Quartz is a widely distributed mineral of many varieties that consists primarily of silica, or silicon dioxide. The visually appealing mineral has attracted attention from the earliest times. The name quartz is an old German word of uncertain origin first that goes back as far as 1530.
Though it’s known as a surface material that’s impervious to staining. Marble, on the other hand can easily stain if water makes its way into its pores, but quartz has no porosity. When it comes to the question of hard water, however, quartz isn’t in the clear. Hard water stains are quite common but they can easily be handled before permanent damage is made.
Hard water is found in thousands of water management districts across North America. The situation of hard water consists of high doses of magnesium and calcium carbonates that don’t generally pose health hazards. This high grade of mineralization leads to a buildup in limescale and when blending soaps and detergents into the mix, limescale has a tendency of forming stubborn spots.
Some ancient Roman aqueducts that were in service for centuries contain these stubborn deposits of limescale that stretch several inches thick. When water evaporates, the precipitation of crystalline minerals will begin to deposit on surfaces. The chemicals within detergents are basically bonding agents that make hard water deposits stickier and harder to clean off. It starts as a stain and evolves into a thick crust.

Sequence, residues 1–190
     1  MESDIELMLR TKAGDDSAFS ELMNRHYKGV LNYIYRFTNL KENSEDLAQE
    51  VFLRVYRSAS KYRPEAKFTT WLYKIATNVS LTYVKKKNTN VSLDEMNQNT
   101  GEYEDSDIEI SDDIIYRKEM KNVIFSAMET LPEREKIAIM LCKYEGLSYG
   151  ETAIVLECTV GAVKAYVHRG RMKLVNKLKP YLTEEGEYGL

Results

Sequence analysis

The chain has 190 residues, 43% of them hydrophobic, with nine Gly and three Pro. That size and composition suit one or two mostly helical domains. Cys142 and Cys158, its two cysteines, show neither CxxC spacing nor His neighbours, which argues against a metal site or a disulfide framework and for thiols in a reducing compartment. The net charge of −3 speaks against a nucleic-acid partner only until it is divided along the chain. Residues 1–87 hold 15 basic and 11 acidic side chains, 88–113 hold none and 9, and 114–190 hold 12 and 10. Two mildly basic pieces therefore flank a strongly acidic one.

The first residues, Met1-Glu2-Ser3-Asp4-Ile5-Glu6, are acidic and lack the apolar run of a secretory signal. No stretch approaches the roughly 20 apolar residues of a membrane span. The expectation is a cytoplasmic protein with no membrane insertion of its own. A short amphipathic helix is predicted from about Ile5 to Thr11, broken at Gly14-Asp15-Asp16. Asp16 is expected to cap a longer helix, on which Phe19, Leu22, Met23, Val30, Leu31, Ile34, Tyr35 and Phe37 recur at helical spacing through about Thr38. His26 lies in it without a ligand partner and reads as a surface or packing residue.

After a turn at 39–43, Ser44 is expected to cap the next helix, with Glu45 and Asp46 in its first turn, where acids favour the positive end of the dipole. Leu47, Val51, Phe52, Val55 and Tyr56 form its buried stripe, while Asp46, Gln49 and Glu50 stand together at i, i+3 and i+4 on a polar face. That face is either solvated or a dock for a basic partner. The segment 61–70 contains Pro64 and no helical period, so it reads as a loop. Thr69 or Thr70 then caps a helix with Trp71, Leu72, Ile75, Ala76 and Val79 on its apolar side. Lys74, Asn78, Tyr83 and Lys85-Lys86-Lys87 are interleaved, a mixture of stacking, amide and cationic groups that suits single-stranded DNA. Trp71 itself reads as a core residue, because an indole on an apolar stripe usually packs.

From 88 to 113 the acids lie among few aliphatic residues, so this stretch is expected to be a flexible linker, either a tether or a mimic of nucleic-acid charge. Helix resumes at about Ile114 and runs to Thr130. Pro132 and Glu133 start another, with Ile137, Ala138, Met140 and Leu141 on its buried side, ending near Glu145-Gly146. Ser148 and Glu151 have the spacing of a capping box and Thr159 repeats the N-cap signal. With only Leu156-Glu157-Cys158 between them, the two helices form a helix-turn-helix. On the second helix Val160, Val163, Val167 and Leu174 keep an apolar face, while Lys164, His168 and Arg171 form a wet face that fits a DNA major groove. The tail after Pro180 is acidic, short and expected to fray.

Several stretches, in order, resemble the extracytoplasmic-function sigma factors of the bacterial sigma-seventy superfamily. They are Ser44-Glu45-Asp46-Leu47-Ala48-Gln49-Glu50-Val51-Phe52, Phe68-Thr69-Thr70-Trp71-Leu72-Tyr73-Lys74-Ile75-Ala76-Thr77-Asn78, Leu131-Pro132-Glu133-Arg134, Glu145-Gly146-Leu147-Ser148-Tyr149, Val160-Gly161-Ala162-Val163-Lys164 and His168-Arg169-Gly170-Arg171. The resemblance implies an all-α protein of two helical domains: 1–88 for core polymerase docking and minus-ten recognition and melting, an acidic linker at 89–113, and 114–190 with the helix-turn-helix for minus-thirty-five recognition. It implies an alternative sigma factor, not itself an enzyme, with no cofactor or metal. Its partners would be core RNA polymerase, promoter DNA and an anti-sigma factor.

Quartz has the advantage here, with its non-porosity super power. This avoids the hard water deposit from penetrating the lower layers of the surface and thus, won’t lead to any etching. If you properly clean your quartz with a high-grade cleaner like Granite Gold Quartz Brite, these limescale deposits won’t be a bother because the crystalline magnesium and calcium molecules won’t have a chance to bond with soap. You can then easily remove them without causing permanent damage.
If you use common household cleaners found in Publix, rather than the high grade Granite Gold brand products, you’ll have a hard time cleaning your quartz. One way to get started is to scrape off the thick crust of limescale using a plastic spatula or a soft, stone-safe scrubbing pad or nylon brush. When all else fails, you can use a single-edge razor blade after spraying your trusty Granite Gold product.